The first computer-aided engineering systems were actually automated drafting systems used for generating design drawings. Later, computer-aided manufacturing systems automated the generation of numerical-control output for machine tools. Increased quality, shorter development cycle times, and lower costs are crucial to ensure manufacturability and to bring products to market sooner. These CAD/CAM systems did not address the area with the greatest potential for reducing development time and costs—which is design (Potter, 1989).


Concurrent Engineering Mold Design Query Object Material Requirement Planning Mold Plate 
These keywords were added by machine and not by the authors. This process is experimental and the keywords may be updated as the learning algorithm improves.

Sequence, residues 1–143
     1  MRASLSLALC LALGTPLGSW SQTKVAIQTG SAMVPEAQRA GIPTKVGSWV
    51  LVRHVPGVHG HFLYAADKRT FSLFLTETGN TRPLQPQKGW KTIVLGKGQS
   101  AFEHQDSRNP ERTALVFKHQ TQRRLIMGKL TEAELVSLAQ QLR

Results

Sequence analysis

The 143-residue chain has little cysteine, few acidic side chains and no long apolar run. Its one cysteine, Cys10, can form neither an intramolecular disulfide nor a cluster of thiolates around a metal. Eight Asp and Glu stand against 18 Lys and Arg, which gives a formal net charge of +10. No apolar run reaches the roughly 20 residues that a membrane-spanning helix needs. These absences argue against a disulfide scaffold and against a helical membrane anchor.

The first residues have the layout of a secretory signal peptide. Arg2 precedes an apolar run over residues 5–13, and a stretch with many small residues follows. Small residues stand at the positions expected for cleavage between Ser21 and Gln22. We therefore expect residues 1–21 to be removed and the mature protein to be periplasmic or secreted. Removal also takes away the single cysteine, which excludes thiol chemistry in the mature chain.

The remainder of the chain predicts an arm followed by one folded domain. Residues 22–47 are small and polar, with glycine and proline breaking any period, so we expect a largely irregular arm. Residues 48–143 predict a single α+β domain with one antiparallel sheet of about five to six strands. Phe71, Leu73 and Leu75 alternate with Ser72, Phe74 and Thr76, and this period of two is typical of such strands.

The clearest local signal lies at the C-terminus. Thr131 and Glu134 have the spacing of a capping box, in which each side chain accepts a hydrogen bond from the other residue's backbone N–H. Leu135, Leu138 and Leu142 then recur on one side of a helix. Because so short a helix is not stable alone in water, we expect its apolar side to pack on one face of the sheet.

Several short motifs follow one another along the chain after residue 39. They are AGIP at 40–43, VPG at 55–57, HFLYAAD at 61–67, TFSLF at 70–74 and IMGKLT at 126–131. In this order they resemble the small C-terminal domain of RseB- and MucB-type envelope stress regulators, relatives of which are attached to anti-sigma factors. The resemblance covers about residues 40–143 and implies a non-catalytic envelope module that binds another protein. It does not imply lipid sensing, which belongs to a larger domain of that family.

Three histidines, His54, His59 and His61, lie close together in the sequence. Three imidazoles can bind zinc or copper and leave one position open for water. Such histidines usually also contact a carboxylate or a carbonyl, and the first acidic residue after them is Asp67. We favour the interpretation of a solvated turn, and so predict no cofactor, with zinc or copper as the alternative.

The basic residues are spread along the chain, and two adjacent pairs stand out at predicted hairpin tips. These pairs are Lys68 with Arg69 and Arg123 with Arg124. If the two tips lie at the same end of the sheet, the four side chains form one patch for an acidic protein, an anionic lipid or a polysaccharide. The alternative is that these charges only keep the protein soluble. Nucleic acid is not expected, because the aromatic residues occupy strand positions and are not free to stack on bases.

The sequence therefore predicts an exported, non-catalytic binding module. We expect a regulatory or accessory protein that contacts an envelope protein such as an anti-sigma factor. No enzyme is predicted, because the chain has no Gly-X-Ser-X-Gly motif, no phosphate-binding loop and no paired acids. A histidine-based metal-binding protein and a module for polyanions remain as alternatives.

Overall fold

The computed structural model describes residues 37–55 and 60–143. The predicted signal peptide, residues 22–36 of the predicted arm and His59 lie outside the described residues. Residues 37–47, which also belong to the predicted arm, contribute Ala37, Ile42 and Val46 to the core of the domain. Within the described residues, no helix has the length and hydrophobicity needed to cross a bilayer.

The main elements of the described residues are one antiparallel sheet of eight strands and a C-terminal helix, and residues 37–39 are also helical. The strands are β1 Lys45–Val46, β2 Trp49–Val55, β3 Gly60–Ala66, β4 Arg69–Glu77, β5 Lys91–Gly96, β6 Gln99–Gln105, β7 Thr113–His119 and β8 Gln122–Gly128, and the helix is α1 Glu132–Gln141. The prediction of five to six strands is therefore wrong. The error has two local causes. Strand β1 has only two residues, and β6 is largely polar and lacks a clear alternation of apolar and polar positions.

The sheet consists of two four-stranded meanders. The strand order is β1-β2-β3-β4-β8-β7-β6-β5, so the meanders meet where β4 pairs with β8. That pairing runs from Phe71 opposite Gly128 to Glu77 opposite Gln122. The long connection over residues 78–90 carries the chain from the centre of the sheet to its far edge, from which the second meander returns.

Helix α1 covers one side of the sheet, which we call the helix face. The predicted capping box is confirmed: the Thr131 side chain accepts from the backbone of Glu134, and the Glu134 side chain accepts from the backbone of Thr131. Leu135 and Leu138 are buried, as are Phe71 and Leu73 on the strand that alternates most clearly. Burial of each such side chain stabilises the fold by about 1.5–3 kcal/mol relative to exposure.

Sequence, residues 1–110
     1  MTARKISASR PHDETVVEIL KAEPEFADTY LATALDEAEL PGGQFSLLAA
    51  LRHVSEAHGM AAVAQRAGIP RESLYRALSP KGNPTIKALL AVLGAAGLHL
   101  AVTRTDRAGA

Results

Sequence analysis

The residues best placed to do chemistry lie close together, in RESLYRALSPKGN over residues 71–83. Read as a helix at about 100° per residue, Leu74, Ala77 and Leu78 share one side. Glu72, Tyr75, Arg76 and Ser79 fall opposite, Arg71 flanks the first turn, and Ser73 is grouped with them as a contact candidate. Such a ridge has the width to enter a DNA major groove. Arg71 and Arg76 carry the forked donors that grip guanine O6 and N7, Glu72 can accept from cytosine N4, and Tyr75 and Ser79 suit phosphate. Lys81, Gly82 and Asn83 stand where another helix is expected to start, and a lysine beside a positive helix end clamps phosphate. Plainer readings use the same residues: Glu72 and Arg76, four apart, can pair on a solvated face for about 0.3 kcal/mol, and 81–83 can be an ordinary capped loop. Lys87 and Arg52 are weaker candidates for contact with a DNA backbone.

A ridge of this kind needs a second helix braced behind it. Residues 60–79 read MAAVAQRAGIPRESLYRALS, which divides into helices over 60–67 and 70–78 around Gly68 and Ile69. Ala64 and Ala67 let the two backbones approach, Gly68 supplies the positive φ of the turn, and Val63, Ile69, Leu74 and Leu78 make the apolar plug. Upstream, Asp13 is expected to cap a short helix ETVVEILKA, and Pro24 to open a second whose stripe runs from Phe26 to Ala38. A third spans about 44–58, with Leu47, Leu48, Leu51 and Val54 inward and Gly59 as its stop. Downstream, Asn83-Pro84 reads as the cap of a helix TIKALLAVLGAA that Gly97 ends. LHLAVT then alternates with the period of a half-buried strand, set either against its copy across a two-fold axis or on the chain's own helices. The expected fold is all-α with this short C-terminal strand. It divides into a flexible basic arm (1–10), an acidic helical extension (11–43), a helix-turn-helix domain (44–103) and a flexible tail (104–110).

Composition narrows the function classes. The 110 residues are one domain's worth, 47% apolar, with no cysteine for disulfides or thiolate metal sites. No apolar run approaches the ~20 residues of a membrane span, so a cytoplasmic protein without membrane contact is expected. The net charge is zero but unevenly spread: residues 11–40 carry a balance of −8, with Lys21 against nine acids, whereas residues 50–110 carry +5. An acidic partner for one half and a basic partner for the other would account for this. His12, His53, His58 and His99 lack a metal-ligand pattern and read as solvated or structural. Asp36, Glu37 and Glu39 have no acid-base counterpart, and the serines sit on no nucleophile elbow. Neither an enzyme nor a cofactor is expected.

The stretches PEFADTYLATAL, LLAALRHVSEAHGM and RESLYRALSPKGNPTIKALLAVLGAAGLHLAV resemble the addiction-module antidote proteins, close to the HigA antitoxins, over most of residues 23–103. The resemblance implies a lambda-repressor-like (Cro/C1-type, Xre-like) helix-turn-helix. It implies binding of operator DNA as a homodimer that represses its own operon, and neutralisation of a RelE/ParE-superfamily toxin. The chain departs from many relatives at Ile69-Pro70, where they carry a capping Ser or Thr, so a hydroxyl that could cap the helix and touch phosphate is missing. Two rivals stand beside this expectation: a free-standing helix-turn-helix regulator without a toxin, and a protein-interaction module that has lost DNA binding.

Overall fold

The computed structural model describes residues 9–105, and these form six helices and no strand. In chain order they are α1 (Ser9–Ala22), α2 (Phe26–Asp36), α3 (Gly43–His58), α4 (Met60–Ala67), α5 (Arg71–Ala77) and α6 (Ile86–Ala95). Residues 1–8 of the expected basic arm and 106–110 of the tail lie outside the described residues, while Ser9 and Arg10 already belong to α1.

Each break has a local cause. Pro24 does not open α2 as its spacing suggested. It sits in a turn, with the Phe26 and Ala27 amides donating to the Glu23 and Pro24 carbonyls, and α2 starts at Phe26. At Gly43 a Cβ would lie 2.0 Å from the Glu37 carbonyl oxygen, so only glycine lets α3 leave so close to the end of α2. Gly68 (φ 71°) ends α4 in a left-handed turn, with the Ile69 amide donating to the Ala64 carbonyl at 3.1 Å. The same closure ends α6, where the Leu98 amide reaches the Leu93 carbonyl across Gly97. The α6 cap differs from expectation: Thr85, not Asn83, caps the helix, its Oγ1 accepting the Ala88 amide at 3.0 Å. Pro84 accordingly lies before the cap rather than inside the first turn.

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References and Suggested Reading

  1. Belzer, A. and Rosenfeld, L. Breaking Through the Complexity Barrier. Cambridge, Mass.: ICAD Publications, 1987.Google Scholar
  2. Cinquegrana, D. Understanding 1CAD System. Cambridge, Mass.: ICAD Publications, 1990a.Google Scholar
  3. Cinquegrana, D. Knowledge-Based Injection Mold Design Automation, D.Eng. Thesis, University of Lowell, Lowell, Mass., 1990b.Google Scholar
  4. Cinquegrana, D. “Intelligent CAD automated plastics injection mold design.” Mechanical Engineering, July 1990c.Google Scholar
  5. Cinquegrana, D. “Mold optimization using rules-based software,” Antec, 1990d. Manzione, L. Applications of Computer Aided Engineering in Injection Molding. New York: Hanser, 1987.Google Scholar
  6. Potter, C. “Smart drafting systems.” Computer-Aided Engineering, Feb. 1989. Robinson, P. “Design debate.” Computer Graphics World, April 1989.Google Scholar
  7. Robinson, P. “Design debate.” Computer Graphics World, April 1989.Google Scholar

Copyright information

© Van Nostrand Reinhold 1991

Authors and Affiliations

  • Sammy G. Shina
    • 1
  1. 1.University of LowellUSA

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